In 1846, Ruapekapeka Pā was a remarkable fortification. With its double-row of massive timber palisades, rifle trenches, flanking angles and bomb-proof bunkers, Ruapekapeka was a masterpiece of military engineering. Ruapekapeka represented a transition from traditional Māori pa, to defences especially designed to counter the long distance projectile and explosive weaponry of the British. The site is remarkable to this day with its highly visible and well-preserved defences carved into the landscape.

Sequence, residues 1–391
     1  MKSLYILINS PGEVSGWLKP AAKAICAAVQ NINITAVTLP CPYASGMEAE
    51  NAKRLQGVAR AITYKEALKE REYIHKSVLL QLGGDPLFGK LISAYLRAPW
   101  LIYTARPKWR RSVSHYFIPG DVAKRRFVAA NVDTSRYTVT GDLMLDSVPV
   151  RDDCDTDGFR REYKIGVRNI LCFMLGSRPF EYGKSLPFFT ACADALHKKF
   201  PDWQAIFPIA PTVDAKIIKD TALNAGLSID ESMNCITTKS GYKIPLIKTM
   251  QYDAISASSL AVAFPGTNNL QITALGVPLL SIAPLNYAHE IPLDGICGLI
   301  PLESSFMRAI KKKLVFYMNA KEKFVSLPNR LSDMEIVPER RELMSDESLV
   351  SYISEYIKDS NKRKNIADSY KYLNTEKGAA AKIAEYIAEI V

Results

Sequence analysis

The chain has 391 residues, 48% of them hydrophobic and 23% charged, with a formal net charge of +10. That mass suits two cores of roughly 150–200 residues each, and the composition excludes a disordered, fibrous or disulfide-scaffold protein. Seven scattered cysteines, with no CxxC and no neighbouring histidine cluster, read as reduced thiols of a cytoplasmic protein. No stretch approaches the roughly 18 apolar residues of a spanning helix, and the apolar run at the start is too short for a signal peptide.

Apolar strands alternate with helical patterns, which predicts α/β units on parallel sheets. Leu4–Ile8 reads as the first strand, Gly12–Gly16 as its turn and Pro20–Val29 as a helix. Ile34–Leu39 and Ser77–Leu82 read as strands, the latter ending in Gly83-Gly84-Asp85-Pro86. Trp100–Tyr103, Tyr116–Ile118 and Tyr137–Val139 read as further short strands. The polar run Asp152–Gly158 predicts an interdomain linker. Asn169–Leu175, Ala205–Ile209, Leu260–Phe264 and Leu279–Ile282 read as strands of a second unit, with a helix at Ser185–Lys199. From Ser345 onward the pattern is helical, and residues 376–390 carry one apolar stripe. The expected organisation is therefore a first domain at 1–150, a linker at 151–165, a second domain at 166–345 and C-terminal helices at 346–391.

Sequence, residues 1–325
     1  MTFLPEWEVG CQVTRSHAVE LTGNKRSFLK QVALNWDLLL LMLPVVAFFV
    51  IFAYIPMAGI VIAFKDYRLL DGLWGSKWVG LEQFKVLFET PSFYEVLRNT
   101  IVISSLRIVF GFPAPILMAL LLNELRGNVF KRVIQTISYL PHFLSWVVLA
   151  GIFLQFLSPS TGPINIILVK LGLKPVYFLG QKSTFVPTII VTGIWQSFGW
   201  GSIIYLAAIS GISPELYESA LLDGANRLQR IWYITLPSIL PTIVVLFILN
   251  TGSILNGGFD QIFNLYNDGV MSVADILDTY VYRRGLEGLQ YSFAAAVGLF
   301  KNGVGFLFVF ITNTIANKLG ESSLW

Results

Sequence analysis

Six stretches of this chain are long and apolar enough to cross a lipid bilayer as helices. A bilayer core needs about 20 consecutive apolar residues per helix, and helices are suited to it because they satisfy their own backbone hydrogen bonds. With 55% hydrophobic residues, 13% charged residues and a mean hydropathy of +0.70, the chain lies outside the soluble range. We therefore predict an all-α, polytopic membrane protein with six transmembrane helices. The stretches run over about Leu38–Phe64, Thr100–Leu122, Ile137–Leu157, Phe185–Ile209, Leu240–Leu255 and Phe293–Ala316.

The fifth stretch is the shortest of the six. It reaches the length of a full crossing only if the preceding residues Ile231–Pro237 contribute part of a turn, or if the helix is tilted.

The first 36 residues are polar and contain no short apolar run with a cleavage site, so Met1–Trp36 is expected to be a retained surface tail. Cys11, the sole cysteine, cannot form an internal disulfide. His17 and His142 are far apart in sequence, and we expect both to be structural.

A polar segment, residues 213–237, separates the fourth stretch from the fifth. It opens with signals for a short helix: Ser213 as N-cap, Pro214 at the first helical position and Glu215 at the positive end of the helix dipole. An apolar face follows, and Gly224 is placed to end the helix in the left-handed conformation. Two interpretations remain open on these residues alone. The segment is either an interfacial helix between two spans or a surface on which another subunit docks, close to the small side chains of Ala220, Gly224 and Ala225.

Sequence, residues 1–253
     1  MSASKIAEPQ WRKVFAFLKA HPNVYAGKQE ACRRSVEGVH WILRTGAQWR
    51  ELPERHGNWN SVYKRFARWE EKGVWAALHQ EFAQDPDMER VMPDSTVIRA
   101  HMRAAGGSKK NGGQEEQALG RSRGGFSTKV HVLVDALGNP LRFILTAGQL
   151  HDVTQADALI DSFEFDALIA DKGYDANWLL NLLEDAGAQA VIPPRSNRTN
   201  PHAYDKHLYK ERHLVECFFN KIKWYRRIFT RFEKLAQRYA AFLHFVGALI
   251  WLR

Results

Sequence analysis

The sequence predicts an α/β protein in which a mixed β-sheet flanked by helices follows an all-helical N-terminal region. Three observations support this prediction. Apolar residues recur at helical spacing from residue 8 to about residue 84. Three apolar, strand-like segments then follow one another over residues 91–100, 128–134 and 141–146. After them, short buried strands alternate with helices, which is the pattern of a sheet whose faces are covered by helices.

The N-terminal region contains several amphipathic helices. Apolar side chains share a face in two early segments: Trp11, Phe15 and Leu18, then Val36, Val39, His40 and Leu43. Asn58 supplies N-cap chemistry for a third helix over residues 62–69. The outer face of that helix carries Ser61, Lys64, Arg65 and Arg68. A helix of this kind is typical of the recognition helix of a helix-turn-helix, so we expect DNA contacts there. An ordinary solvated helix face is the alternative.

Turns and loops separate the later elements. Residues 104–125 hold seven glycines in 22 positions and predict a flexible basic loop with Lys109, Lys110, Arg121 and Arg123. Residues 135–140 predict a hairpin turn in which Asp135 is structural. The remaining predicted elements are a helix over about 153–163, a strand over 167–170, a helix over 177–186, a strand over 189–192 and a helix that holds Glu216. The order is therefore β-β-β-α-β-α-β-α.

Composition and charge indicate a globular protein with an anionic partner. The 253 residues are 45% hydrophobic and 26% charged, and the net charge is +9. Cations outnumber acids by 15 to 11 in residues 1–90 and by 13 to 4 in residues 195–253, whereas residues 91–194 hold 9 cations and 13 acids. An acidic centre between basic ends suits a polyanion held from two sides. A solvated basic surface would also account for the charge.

The British soldiers, sailors, and allied Māori set up three defended positions when they arrived to launch their offensive against the pā. Their main camp, northwest of the pā and lower down the ridge, bore some resemblance to a Māori village, with grass huts and a timber stockade. Several pieces of artillery were sited at the main camp, and gun batteries were located in two forward positions only 200 – 300 m from the defences of the pā.